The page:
The chapter deals with a question so far addressed only cursorily in the literature about concepts of international constitutionalism – the ‘writtenness’ of an international constitutional law. Can we assume the existence of an ‘unwritten’ international constitution, or does the very concept of a constitution in the modern sense require that a constitution is laid down in written form? The chapter discusses the importance of ‘writtenness’ in modern constitutionalism and addresses the ‘English exception’, that is, the absence, in the United Kingdom, of a document called ‘the constitution’. It concludes with a plea for taking the constitutional character of the UN Charter more seriously, arguing that the idea of an unwritten constitution of the international community does not provide a viable alternative.
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Establishing and Sustaining a Successful Career in the Social Sciences, Arts and Humanities
The chapter examines the issue of workplace health and well-being. It explains how human capital reporting standards may help HR functions function account for the value of their employees and their collective knowledge, skills, abilities and capacity to develop and innovate. It argues that we need to broaden the meaning of well-being beyond its traditional and legislative concerns with health status from a medical perspective, and include job demands, control, role clarity, security, pay and equity, and wider factors such as co-workers, HR practices, and aspects of the workplace environment more generally. It examines the evidence from systematic reviews of flexible working to reveal a series of paradoxes facing HRM practitioners and examines some of the ways in which organisations can prevent and address the occurrence of ill health and promote health, well-being and performance. It addresses questions about responsibilities for this, and the choice of processes to monitor, address and modify workplace policies, practices and job characteristics.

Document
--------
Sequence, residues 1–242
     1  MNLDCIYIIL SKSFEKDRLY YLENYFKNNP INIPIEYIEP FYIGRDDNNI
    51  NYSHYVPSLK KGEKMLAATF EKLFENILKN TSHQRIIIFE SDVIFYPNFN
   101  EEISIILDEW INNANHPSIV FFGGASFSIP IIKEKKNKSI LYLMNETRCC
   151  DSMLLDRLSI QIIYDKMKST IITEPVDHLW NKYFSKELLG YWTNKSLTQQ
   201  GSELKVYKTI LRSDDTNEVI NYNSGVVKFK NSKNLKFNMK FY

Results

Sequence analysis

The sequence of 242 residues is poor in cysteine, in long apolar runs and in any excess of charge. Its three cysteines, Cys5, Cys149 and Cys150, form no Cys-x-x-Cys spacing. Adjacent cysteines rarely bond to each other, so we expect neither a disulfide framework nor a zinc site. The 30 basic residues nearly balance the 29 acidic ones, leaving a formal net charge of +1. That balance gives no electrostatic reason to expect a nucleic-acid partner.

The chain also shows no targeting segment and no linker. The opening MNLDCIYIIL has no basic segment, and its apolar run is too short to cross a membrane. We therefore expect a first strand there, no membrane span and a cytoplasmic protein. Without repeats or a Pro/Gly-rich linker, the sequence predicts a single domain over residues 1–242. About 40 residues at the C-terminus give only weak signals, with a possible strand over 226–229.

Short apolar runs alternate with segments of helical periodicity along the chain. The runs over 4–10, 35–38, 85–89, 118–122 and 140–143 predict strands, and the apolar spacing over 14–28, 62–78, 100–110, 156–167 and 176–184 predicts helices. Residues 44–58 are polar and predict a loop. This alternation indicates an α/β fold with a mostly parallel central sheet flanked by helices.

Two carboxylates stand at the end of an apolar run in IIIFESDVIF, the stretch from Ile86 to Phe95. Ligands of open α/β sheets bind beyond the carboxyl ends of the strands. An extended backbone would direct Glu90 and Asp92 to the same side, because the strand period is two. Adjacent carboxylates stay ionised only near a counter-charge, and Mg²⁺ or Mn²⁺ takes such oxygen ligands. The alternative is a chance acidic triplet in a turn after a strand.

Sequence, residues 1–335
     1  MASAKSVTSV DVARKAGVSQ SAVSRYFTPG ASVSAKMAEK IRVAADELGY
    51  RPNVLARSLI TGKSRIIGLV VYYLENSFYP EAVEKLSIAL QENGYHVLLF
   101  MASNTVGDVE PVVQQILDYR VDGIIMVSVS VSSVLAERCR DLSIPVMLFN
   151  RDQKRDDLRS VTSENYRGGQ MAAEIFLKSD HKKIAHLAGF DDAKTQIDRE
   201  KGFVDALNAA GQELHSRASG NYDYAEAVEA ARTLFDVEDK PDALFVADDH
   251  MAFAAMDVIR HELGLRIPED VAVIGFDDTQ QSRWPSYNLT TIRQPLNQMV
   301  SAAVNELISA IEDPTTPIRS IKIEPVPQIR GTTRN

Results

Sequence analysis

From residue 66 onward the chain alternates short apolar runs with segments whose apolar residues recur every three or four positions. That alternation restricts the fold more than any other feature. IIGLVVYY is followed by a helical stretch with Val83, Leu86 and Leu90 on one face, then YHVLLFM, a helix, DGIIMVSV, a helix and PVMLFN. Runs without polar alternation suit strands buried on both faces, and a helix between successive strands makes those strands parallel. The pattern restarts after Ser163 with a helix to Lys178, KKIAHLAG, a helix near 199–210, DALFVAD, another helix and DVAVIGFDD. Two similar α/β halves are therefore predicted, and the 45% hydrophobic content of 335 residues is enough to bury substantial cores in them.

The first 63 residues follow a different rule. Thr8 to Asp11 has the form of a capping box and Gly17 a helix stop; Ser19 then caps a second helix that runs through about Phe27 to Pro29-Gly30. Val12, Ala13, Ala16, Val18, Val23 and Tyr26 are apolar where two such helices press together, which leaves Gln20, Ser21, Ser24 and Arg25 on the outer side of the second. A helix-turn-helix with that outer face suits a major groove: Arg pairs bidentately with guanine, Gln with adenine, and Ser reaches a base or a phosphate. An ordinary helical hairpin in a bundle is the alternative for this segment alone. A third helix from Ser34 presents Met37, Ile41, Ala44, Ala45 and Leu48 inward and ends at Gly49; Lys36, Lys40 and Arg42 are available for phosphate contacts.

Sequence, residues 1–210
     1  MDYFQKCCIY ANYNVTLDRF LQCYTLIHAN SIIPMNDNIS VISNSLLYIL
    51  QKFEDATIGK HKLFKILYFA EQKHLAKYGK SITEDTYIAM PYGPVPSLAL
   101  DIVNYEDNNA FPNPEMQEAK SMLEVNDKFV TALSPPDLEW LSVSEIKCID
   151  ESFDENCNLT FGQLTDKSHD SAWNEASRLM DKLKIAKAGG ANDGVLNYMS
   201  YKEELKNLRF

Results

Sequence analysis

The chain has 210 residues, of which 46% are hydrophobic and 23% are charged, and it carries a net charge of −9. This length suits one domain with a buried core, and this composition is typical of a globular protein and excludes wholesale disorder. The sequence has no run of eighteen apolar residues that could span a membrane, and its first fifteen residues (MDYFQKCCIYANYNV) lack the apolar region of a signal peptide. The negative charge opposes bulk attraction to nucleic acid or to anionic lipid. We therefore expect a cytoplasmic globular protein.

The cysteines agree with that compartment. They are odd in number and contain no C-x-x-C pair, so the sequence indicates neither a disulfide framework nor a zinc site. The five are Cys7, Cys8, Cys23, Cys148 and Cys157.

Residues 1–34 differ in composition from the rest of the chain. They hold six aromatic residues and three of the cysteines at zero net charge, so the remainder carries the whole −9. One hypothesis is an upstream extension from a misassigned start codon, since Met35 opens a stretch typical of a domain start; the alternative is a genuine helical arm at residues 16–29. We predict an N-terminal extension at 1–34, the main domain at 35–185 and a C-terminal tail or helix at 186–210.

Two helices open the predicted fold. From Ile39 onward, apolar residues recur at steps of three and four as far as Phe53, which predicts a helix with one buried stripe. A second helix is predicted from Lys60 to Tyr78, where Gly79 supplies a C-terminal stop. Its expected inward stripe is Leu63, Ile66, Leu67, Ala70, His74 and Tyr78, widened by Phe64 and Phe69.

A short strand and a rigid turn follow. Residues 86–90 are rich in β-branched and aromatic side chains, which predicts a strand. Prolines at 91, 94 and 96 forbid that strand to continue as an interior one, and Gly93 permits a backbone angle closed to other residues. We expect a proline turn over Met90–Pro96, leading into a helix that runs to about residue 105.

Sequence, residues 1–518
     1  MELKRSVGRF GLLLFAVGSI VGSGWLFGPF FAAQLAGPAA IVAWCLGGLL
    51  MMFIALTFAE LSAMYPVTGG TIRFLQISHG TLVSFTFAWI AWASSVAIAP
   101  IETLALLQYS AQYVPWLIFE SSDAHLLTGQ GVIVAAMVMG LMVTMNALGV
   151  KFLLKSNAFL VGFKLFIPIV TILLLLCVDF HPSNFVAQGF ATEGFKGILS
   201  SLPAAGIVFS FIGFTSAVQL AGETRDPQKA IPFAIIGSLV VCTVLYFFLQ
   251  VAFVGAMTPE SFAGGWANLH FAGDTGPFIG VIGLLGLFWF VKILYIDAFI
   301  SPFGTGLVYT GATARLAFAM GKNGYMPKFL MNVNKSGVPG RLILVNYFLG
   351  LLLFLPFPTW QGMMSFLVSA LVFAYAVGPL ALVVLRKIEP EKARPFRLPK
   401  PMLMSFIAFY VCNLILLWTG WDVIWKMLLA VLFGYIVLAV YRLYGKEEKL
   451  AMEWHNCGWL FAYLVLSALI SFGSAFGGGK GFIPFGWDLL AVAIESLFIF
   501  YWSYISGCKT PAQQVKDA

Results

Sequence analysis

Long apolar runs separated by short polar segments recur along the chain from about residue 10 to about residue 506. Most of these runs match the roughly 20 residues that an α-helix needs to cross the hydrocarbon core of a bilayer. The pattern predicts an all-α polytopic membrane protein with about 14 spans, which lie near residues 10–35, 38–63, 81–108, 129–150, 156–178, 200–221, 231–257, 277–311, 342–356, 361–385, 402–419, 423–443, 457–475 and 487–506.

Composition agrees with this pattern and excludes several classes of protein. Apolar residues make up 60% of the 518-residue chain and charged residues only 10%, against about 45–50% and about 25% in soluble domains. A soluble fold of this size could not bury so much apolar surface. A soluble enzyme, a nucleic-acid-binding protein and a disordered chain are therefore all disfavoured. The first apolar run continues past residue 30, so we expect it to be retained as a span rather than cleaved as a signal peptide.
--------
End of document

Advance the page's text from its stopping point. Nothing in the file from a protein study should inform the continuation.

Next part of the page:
This chapter focuses on the implementation of Article 8 of the WCT and the relevant case law. It will be shown how the umbrella solution of the WIPO Treaties caused a different set of legal and interpretation issues, depending on the approach chosen for implementing them. In the European Union where Article 8 was implemented verbatim, the disputes concerned the definition of ‘communication’ and ‘public’. In the United States, where the legislator opted not to amend the Copyright Act, the disputes concerned the scope of the existing rights under Section 106 in light of the WIPO Treaties obligations. Keywords: making available, communication to the public, copyright, WIPO treaties, United States, European Union
Pilar Cámara Águila
This chapter deals with the special features of Spanish Law, in relation to the ownership of copyrights of university professors and staff of public research organizations. Together with the general regulation of salaried authors in the Intellectual Property Law, some special laws regulate the rights of these organizations on the results of scientific investigations developed by its personnel. It is doubtful whether it affects the ownership of copyright in accordance with the general regulation or repeals it. On the other hand, the reform of the Intellectual Property Law in 2014 has raised the question of whether the new wording of article 32 recognizes the ownership of copyrights to universities, by establishing the possibility of using the scientific creations by them, unless they are already holders of those rights. Keywords: Copyrights, university professors, thesis, universities and public research organizations, results of the investigation, salaried author.